The second, broader point is that shareholders and investors in companies are obliged to satisfy themselves with the business practices of the companies they invest in. This is very important and we cannot emphasise it enough. It is particularly so for institutional investors who have the knowledge and expertise to do it. The SFO intends to use the civil recovery process to pursue investors who have benefited from illegal activity. Where issues arise, we will be much less sympathetic to institutional investors whose due diligence has clearly been lax in this respect."

This begs the question: what level of due diligence conducted by shareholders and investors would satisfy the SFO? In many cases, shareholders and investors are likely only to have access to information in the public domain. Internal failings regarding bribery and corruption may not be publicised to actual or potential stakeholders, let alone the wider public. It would be a surprising statement from the SFO to suggest that the average shareholder in a listed company (as opposed to parent companies or controlling owners) was somehow expected to monitor and oversee the conduct of the companies in which they invest. This could have very significant ramifications for individual shareholders, as well as institutional investors.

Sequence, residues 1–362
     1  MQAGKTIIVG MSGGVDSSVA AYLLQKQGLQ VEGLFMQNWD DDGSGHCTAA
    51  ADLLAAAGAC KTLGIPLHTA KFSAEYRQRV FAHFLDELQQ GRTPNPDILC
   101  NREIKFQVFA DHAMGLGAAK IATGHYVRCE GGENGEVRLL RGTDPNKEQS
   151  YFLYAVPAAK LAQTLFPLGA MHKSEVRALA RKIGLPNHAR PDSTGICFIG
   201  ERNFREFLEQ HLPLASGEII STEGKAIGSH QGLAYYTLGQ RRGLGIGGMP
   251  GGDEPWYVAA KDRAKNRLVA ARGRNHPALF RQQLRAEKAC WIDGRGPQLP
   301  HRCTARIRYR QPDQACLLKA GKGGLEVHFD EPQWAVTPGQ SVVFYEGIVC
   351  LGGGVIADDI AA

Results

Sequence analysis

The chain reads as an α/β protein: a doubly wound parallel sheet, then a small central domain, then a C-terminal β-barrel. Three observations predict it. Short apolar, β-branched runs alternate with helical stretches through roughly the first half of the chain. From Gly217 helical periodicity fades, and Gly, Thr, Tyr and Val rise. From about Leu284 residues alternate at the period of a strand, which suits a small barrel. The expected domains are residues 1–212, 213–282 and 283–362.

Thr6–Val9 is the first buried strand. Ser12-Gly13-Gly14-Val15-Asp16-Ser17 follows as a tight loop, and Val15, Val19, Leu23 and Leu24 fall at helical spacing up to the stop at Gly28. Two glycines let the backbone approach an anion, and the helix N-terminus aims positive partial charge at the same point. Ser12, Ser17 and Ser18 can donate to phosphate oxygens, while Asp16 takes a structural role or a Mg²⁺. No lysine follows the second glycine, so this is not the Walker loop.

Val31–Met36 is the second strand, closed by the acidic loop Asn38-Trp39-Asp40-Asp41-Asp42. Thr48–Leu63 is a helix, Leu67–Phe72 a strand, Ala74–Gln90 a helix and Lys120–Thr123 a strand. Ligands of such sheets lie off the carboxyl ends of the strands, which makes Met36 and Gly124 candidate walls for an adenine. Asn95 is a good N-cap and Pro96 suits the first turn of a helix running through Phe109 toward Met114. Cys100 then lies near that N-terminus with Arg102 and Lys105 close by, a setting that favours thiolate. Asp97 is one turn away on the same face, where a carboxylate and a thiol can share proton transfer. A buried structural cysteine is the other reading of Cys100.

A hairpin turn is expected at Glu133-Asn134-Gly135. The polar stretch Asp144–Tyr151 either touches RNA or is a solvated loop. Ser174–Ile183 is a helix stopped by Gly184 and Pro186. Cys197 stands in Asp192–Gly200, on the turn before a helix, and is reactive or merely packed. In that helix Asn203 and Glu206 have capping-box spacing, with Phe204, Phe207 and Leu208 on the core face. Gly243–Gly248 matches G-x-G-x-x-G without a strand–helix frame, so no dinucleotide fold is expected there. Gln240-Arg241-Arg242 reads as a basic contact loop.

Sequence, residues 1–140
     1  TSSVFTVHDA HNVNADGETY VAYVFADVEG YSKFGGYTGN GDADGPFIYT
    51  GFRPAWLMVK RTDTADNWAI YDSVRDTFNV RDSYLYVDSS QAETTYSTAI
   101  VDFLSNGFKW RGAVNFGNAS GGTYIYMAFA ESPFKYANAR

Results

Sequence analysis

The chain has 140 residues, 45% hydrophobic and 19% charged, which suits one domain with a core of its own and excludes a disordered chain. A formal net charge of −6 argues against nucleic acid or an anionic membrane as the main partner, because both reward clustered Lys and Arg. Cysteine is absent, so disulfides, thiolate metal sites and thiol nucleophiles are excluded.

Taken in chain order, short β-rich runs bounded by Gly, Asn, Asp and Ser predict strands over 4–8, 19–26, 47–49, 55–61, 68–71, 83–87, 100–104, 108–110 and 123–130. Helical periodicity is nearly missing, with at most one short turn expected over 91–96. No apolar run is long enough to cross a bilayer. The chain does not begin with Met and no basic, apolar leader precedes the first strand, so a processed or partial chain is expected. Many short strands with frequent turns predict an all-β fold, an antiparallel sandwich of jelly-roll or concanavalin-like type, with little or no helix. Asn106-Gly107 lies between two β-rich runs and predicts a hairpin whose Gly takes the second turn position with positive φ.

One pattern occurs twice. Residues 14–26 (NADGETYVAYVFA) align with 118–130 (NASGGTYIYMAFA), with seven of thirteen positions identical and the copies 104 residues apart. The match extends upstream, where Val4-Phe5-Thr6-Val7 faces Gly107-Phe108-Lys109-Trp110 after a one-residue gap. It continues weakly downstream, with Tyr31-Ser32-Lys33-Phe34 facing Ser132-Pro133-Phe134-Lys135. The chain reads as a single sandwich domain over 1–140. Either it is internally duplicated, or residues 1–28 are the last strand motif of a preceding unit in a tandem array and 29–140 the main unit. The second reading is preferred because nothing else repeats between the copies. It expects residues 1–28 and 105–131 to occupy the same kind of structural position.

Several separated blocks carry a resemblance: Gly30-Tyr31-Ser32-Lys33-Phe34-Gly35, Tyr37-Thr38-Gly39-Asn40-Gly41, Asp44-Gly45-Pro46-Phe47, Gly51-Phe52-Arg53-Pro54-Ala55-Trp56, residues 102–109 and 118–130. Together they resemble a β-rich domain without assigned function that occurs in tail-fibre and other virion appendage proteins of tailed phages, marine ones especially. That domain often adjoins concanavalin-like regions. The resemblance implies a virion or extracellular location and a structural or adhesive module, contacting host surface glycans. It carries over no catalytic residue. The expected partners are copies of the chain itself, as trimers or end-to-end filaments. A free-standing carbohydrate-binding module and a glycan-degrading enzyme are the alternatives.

However, at an event held by Transparency International on 18 January 2012, Mr Alderman clarified his statement and explained that his comments were aimed at "shareholders who realistically have power to influence the behaviour of the companies in which they invest". The focus would be on institutional investors and other major shareholders in companies, i.e. those who are more than just the recipients of dividends. Essentially, the SFO would target those shareholders or investors that have access to the management of their investee companies and are able to ask and monitor whether those companies have adequate anti-bribery procedures in place and if not, question why not. The SFO see this as part of the duty of such investors – to exercise their influence over the management of portfolio companies for the benefit of society as a whole and the savers who have invested their money with those institutional investors. As Mr Alderman noted, savers with institutional investors would expect those investors to ask questions about governance in areas that can affect the reputations of the portfolio companies and the value of the investment. The focus then, when considering recovery of dividends paid by corrupt companies, will be on institutional investors (in large, listed companies) and major shareholders (in smaller, private companies). It would seem that, in making these comments, the SFO considers such investors' conduct to be relevant to the question whether it would be just and equitable to allow recovery of the dividends.